Vattenfall to develop new wind farm cranes together with Mammoet

Developing ever-smarter ways of constructing wind farms will be crucial for Vattenfall to reduce the carbon footprint of its operations towards net zero and deliver more renewable capacity. One of the innovations now being worked on could unlock benefits for both the environment and local communities in the years ahead.

Compared to conventional tower cranes, the climbing crane will be much smaller and easier to get to site.

Compared to conventional tower cranes, the climbing crane will be much smaller and easier to get to site.

It is a simple idea, but a new crane design could soon be bringing major improvements to the way Vattenfall’s onshore wind farms are built.

The climbing crane concept uses the turbine tower instead of the ground for support as it adds more sections in stages, with no limit on how high it can go.

Although it is still on the drawing board, progress to date has been encouraging and a Vattenfall team from its Business Unit Onshore Wind is now working with experts from heavy lifting specialist Mammoet to take the development of their concept forward with hopes the new technology could be seen on sites within the next few years.

For Program Manager Jelmer Boukes and his team at Vattenfall, it would represent one of the biggest step-changes seen in wind farm construction for years, offering multiple benefits in terms of CO2 reduction, minimized impact on local communities and cost benefits.

“The climbing crane would be much smaller and easier to get to site, as well as to move to another location when it has completed a turbine,” Boukes says.

Jelmer Boukes adds that with less civil infrastructure, noise and disruption for the local community would be minimized.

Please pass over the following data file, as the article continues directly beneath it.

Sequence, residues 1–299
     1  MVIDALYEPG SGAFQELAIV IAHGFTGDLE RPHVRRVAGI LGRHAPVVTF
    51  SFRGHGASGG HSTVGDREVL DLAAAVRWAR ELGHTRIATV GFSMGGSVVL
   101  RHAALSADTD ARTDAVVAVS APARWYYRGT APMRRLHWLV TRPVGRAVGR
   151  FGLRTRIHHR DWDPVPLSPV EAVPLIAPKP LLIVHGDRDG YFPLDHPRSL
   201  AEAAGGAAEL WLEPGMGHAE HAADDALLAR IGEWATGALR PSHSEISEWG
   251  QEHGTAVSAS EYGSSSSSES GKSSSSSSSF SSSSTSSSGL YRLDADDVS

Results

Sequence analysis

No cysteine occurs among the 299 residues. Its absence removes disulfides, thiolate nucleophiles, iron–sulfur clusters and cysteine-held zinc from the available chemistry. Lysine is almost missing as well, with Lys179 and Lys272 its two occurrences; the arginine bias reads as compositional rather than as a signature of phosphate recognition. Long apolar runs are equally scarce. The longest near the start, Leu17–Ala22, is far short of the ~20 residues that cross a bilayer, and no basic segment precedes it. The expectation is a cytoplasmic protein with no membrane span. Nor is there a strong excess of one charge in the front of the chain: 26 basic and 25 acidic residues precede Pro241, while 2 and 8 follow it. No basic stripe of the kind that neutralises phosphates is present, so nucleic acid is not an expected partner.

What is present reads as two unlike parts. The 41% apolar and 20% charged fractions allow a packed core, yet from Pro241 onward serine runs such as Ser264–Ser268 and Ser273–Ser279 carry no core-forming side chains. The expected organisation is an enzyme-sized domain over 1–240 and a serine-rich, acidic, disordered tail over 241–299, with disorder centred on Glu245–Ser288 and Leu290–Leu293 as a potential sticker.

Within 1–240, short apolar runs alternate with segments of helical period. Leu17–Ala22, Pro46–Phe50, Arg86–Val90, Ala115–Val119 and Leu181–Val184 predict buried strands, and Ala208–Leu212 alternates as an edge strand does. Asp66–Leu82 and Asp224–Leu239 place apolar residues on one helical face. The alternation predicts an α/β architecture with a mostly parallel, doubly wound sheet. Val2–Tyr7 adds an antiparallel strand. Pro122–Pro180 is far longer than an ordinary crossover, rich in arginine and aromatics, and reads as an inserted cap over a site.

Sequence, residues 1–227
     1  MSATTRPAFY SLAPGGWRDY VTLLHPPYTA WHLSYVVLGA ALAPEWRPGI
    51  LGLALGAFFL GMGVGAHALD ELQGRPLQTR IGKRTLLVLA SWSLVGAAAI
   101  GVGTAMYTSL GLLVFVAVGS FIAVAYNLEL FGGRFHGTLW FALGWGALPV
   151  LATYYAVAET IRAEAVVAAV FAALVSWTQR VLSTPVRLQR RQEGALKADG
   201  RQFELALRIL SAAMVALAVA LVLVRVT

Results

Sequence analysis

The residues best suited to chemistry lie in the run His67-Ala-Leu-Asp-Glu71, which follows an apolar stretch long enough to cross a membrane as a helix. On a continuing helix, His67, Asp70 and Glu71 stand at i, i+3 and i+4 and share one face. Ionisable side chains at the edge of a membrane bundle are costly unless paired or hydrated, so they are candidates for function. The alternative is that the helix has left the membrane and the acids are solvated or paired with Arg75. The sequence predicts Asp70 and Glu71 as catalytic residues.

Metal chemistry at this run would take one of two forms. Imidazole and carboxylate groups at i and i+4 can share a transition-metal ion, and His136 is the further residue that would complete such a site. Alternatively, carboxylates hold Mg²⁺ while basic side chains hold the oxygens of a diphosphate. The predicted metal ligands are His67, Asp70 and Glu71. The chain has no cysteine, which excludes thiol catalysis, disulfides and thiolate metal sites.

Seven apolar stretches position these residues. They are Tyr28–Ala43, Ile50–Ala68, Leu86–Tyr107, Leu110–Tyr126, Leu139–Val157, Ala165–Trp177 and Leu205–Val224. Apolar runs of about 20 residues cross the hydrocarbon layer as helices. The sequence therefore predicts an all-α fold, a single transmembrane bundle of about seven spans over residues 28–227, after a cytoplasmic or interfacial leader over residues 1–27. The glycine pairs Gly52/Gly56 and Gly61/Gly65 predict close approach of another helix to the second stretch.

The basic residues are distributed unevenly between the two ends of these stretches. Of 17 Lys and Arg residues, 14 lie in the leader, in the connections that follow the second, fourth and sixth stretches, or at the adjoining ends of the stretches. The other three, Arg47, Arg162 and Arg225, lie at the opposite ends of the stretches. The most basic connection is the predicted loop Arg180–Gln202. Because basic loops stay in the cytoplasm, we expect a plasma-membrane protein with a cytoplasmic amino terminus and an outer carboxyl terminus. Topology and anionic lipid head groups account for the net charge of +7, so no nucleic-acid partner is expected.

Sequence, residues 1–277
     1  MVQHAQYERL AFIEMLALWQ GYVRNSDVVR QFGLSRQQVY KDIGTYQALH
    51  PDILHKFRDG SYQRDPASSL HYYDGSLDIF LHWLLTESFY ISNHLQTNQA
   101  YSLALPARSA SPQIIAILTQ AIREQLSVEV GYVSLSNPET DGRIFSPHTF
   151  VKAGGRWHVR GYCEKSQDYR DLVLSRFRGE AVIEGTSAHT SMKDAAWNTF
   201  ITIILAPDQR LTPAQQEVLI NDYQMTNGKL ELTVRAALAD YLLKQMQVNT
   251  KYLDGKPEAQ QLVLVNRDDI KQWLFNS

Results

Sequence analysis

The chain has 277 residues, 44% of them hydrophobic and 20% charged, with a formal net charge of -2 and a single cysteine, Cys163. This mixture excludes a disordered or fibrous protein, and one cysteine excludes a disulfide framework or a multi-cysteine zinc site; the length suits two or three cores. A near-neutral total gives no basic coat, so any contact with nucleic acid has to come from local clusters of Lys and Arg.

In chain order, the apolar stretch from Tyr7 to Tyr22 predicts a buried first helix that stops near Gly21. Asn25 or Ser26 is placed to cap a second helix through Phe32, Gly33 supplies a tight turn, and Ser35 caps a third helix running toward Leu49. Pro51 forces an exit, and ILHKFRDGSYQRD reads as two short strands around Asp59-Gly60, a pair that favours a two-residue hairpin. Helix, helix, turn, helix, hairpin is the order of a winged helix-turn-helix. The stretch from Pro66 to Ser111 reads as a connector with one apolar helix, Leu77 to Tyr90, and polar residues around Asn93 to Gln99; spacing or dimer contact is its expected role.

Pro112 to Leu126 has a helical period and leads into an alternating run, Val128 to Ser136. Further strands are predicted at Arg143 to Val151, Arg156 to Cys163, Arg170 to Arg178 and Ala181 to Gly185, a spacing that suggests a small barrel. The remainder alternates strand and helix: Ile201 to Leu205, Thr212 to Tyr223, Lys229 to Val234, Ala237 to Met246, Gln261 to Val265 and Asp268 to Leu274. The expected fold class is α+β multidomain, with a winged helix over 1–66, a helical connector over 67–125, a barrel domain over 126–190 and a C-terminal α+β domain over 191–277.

Also, the climbing crane would be able to reach greater heights and operate in locations with up to 80 percent more wind, unlocking new complex and remote wind farm sites.

Significant CO2 savings possible

The reduction in transport activity around the building site due to the new crane, would reduce the carbon footprint of construction and impact on the local community.

There would also be direct benefits in the operation of the crane itself. Due to its much smaller engine and capacity requirement, the crane  could be powered by electricity instead of fossil fuels.

Eva Julius-Philipp, Head of Environment and Sustainability Wind, welcomes the new concept:

“In total it is estimated that the new crane could significantly reduce transport and installation emissions during wind farm construction compared to standard methods. It will help us take another important step towards Vattenfall’s goal of net zero emissions by 2040 for our operations”, she says.

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Cadeler's installation vessel Wind Osprey, which carries the turbine blades that will be installed later. Photo: Vattenfall/Charles Walker

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